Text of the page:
ceos   eesa
The Importance and Challenge of the SDGs
Role of EO Data in Support of the SDGs
Institutional Roles
Future Challenges
Where to Find EO Data and Help
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A large number of UN bodies and international organisations play active roles in the 2030 Agenda as Custodian Agencies, supporting countries with methodologies and data for monitoring Indicators.

GEO and CEOS provide important coordination of the EO community and are joining their efforts in showcasing the value of, and facilitating access to, EO in support of the full realisation of the 2030 Agenda.

The scope and scale of the SDGs and associated Global Indicator Framework is such that a broad range of stakeholders are involved and effective partnerships among them are fundamental to success in implementing and monitoring progress towards the Goals and Targets. These stakeholders include UN bodies, NSOs and the line Ministries responsible for the different Indicators, suppliers of spatial data infrastructures, as well as data providers and the international bodies that coordinate them.

4.1 UN institutions

Multiple UN institutions are involved in the implementation and monitoring of the SDGs.

The UN Statistical Commission (UNSC) is a functional commission of the UN Economic and Social Council (ECOSOC) and is supported by the UN Statistics Division, which is the central mechanism within the UN to supply global statistics. UNSC brings together chief statisticians from member states from around the world. UNSC has the mandate to oversee the development of the Global Indicator Framework for the SDGs.

Figure 1 highlights the important role of the various Expert and Working Groups that have been established within the UN system to define the Global Indicator Framework and to address fundamental issues such as the role of geospatial information and its integration with national statistics.

spacer The Inter-Agency Expert Group on SDG Indicators (IAEG-SDGs, established in March 2015) is comprised of representatives of national statistics offices and is in charge of developing and implementing the Global Indicator Framework.

The UN Committee of Experts on Global Geospatial Information Management (UN-GGIM, established in July 2011) is another important player within the UN governance system on SDGs, and leads in the role of developing understanding and application of geospatial information for the monitoring of the Goals and Targets of the 2030 Agenda. UN-GGIM coordinates the specialist Working Group on Geospatial Information (WGGI, established in March 2016), which looks at the Indicator Framework through a “geographic location” lens to identify existing geospatial data gaps and methodological issues and to consider how geospatial information and EO can contribute to its viability. The establishment of the WGGI acknowledges the demand from the 2030 Agenda on Sustainable Development for new data acquisition and integration approaches that can improve the availability, quality, timeliness and disaggregation of data, and consequently support the implementation of the SDGs at all levels.

As explained in Section 2, the UN has appointed specialised agencies (UN agencies and international organisations) to play a coordinating role as Custodians of SDG Indicators relevant to their area of expertise or mandate. These Custodian Agencies have the mission to compile monitoring guidelines for measuring and reporting on the indicators, to support countries on their implementation and strengthen national statistical capacities, and to collect national data for the global reporting mechanism.

Finally, progress towards the Goals are reported and reviewed annually through to 2030 within the UN’s High-Level Political Forum (HLPF) on Sustainable Development.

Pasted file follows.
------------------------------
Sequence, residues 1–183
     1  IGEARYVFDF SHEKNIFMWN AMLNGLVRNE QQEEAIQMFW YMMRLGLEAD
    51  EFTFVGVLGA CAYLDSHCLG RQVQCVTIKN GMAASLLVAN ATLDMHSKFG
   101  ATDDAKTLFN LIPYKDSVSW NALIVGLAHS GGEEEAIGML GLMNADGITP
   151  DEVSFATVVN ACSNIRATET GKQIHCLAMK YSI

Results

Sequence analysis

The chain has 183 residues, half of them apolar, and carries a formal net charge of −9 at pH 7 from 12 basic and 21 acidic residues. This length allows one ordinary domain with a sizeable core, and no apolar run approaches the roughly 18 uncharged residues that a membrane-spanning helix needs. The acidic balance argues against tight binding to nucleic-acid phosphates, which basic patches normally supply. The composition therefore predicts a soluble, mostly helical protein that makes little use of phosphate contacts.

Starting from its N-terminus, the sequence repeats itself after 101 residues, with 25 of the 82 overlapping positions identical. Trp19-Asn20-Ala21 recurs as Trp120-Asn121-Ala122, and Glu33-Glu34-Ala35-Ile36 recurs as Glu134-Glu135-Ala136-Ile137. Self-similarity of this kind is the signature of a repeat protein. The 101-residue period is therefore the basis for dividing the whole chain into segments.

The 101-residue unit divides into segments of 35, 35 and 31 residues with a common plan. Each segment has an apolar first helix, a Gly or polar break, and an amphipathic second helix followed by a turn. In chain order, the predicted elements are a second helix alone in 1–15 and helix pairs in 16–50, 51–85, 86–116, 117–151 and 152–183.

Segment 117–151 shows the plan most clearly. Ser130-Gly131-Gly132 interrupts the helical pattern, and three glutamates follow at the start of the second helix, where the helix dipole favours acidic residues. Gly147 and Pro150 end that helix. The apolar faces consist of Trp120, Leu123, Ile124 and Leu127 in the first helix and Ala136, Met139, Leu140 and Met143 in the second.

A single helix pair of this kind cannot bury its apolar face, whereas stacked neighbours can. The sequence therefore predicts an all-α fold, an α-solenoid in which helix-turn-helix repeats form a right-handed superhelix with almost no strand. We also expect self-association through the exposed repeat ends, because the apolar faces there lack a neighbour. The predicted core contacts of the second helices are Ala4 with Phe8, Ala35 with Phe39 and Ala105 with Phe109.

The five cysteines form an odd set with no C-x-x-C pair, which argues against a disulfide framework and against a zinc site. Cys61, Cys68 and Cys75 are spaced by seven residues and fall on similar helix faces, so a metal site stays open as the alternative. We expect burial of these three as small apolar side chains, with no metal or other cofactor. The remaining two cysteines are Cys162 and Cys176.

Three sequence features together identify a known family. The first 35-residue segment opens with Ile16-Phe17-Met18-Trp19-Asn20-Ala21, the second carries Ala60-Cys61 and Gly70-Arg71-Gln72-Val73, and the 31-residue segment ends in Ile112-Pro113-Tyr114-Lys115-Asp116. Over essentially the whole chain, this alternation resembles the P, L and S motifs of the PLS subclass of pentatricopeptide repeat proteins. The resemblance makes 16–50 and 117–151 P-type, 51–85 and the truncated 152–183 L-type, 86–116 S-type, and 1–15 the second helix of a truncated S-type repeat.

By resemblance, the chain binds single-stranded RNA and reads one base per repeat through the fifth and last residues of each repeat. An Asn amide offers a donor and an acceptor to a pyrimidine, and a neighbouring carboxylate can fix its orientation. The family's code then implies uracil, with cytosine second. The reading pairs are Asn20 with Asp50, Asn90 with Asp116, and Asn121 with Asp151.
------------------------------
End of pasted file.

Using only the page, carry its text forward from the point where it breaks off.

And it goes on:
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Figure 1: UN governance system for the development and implementation of the Global Indicator Framework on SDGs.

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4.2 National statistical and geospatial institutions

The Indicators are the benchmarks for the monitoring and reporting by national governments of their progress towards the SDGs. NSOs, in collaboration with the relevant UN Custodian Agencies as appropriate, will report against these indicators to the UN Statistics Division for compilation into the Sustainable Development Goals Reports.

Given the fundamental role of geospatial information and EO to the viability of many of the Indicators, there is a substantial role within countries for those agencies responsible for geospatial information, national information systems and national spatial data infrastructures.

It is recognised that for many developing countries, there remains a significant capacity challenge around the access, processing, analysis and production of the necessary data. The translation of geospatial data into information for decisions and reporting on their international engagements, such as on their progress towards the SDGs, will also require significant investment. Bodies such as UN-GGIM with the support of their Regional Committees aim to assist national geospatial information agencies with the relevant geospatial standards, with data and information interoperability and with the integration of statistical and geospatial information.

spacer The hope is that the 2030 Agenda will serve as a catalyst for accelerated development of national spatial data infrastructures and provide a unique opportunity to the geospatial communities to integrate geospatial information into the Agenda and national statistics more broadly.

4.3 EO data and information providers and their coordinating bodies

The success of the 2030 Agenda will depend on the availability of high quality, timely and universally accessible data. The effective use of EO data in support of national monitoring and reporting against the Global Indicator Framework, as well as informed decision making on development policies, will require closer collaboration among national statistical offices and the EO data providers and communities.
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GEO and UN-GGIM have started to work closely with the statistical community, at both national and global levels, to provide inputs into the processes to implement the Global Indicator Framework.

In its role coordinating international efforts to build a Global Earth Observation System of Systems (GEOSS) that better integrates observing systems and shares data, GEO plays an instrumental role in promoting and showcasing the value of EO in support of the SDGs. More than 100 governments and 100 participating organisations collaborate on the GEOSS to better integrate observing systems and share data by connecting existing infrastructures using common standards.